Enrollment and eligibilityHow to switch from Original Medicare to Medicare Advantage
If you're thinking about your Medicare options and are concerned about cost, you'll be happy to know that some Medicare Advantage plans require no monthly premium. That's right—zero dollars per month—and that could include coverage of services that are not covered under Original Medicare. You’ll still need to pay your Part B premium.
You might wonder how private insurance companies can afford to offer zero-premium Medicare Advantage plans. After all, with Original Medicare the Part B (medical insurance) premium for 2019 is $135.50.
Part B helps cover certain doctors' services and other outpatient care and medical supplies. (If you or your spouse paid Medicare taxes while working, you usually don't have to pay a monthly premium for Part A in original Medicare, which helps cover hospital care.)
Some of the factors that can affect Medicare Advantage premiums include:
- The federal government pays the private insurance companies that offer Medicare Advantage plans a flat monthly fee to cover the cost of each member's healthcare coverage.
- To help control costs, Medicare Advantage plans usually enter into contracts with a network of doctors and hospitals. You may have to pay more money outofpocket if you see a doctor outside the network or without a referral from your primary care doctor. If you have certain doctors you want to continue to see, you should find out whether they participate in any Medicare Advantage plan.
- Many Medicare Advantage plans offer highly effective disease management programs that help keep members out of the hospital, further reducing costs.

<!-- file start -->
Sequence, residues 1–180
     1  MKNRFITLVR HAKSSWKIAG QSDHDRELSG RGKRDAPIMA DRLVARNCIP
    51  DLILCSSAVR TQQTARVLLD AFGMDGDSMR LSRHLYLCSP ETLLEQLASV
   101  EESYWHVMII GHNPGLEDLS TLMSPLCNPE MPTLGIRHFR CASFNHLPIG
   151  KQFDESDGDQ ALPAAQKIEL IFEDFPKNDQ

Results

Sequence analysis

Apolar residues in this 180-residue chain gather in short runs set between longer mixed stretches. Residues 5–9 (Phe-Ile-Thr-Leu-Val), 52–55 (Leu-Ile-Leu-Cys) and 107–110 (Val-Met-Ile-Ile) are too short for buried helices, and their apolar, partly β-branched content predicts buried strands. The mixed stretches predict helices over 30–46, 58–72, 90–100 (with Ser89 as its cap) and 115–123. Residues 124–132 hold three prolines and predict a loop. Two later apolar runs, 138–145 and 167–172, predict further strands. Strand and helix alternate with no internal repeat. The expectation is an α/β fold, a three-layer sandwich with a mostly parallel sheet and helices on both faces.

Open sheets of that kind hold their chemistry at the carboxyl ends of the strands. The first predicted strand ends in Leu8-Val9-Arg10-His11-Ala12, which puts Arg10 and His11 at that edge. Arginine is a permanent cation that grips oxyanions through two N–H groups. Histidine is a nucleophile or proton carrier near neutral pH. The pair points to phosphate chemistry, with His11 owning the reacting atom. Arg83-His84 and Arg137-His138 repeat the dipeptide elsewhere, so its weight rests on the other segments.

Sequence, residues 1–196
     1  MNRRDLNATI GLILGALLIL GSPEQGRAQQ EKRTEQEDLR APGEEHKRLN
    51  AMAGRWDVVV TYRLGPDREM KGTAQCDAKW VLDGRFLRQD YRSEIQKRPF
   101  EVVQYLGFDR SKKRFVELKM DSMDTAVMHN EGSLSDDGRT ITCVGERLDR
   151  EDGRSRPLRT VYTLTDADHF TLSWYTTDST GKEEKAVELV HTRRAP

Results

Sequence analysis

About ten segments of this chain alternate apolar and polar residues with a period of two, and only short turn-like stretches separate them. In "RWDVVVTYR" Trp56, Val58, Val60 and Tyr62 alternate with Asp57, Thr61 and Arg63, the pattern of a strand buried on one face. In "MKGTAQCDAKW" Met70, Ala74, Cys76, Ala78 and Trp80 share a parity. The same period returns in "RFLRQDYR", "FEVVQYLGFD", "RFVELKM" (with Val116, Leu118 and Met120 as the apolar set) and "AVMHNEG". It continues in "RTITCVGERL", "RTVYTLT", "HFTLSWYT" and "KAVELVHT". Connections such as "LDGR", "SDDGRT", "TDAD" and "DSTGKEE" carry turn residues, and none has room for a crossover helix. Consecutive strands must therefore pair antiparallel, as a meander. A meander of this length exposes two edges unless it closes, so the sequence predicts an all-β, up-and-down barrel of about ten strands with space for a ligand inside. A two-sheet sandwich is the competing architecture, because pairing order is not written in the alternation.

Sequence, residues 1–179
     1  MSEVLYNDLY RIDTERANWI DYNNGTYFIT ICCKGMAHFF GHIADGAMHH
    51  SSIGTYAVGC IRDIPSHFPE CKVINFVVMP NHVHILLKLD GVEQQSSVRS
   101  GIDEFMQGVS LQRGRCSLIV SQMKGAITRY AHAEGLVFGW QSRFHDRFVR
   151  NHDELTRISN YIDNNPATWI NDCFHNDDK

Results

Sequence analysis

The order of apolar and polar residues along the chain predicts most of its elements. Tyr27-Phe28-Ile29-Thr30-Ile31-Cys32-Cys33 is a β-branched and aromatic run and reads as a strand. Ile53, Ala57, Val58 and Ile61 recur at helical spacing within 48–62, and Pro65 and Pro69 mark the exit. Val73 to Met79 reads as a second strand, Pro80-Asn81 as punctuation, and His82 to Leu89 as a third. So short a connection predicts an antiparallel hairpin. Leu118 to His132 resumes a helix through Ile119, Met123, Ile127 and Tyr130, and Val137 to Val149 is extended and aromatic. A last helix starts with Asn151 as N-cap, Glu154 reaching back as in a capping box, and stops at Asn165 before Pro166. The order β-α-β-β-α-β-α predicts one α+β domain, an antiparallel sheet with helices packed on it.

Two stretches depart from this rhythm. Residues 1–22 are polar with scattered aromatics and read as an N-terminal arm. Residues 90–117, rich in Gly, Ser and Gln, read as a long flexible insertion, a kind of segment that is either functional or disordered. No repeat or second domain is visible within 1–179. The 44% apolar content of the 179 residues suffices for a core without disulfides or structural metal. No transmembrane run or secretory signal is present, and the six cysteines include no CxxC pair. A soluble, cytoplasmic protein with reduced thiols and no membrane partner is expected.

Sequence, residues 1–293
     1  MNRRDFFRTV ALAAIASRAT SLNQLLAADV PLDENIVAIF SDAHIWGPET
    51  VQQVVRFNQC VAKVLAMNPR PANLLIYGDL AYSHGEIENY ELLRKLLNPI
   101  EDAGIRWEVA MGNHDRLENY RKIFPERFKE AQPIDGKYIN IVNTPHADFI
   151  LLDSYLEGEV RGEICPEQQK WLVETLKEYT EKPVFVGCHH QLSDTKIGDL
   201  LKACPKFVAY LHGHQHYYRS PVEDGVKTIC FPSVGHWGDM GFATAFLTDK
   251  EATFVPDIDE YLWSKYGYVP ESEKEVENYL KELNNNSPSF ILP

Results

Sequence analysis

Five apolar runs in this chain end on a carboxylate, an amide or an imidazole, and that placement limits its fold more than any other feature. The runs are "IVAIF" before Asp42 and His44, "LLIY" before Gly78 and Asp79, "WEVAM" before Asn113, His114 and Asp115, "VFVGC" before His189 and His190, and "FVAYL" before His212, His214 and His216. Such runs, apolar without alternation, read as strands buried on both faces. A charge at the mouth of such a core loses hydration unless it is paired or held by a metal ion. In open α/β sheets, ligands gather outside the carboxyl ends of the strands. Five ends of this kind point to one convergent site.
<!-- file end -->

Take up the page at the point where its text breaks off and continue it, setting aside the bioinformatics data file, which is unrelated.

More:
- If the plan ends up spending less than the flat fee it gets from the government, it can pass the savings to members by lowering the monthly premium to zero or providing additional benefits not offered by Original Medicare, such as routine vision care.
Of course, Medicare Advantage plans that charge no monthly premium aren't really free. They might offset their zero-dollar premiums with higher copayments or coinsurance or other out-of-pocket expenses. Whether or not you consider a zero-premium plan with a high deductible could depend upon your health.
- Having a pre-existing condition does not prevent you from signing up for Medicare Advantage, unless you are on dialysis for end stage renal disease.
- Unlike Original Medicare, Medicare Advantage plans have a yearly limit on how much you pay out-of-pocket. In 2019, that limit was $6,700 for in-network services, although plans can choose to set it lower than the maximum allowed by Medicare.
Maximum out-of-pocket limits only apply to Part A and Part B services. The prescription drug portion of the plan has total out-of-pocket costs, where the member has cost-sharing responsibility. Also unlike Original Medicare, you can't use a Medicare Supplement insurance policy to cover your out-of-pocket costs in a Medicare Advantage plan.
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